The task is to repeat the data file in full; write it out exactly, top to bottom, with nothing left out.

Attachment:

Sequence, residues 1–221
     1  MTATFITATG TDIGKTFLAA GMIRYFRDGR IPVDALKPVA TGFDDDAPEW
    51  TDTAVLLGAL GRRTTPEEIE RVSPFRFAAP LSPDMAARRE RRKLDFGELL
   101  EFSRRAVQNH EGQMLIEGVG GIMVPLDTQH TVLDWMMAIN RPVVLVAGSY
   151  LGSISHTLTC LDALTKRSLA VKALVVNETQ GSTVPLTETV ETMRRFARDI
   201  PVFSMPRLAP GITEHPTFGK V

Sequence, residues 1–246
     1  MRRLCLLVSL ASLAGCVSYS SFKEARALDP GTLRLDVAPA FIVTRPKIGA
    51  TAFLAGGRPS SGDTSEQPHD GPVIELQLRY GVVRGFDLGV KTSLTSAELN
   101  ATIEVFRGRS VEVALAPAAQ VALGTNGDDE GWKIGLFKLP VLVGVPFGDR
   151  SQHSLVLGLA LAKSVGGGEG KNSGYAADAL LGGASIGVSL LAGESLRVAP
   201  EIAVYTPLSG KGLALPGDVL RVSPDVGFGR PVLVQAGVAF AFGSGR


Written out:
Sequence, residues 1–221
     1  MTATFITATG TDIGKTFLAA GMIRYFRDGR IPVDALKPVA TGFDDDAPEW
    51  TDTAVLLGAL GRRTTPEEIE RVSPFRFAAP LSPDMAARRE RRKLDFGELL
   101  EFSRRAVQNH EGQMLIEGVG GIMVPLDTQH TVLDWMMAIN RPVVLVAGSY
   151  LGSISHTLTC LDALTKRSLA VKALVVNETQ GSTVPLTETV ETMRRFARDI
   201  PVFSMPRLAP GITEHPTFGK V

Sequence, residues 1–246
     1  MRRLCLLVSL ASLAGCVSYS SFKEARALDP GTLRLDVAPA FIVTRPKIGA
    51  TAFLAGGRPS SGDTSEQPHD GPVIELQLRY GVVRGFDLGV KTSLTSAELN
   101  ATIEVFRGRS VEVALAPAAQ VALGTNGDDE GWKIGLFKLP VLVGVPFGDR
   151  SQHSLVLGLA LAKSVGGGEG KNSGYAADAL LGGASIGVSL LAGESLRVAP
   201  EIAVYTPLSG KGLALPGDVL RVSPDVGFGR PVLVQAGVAF AFGSGR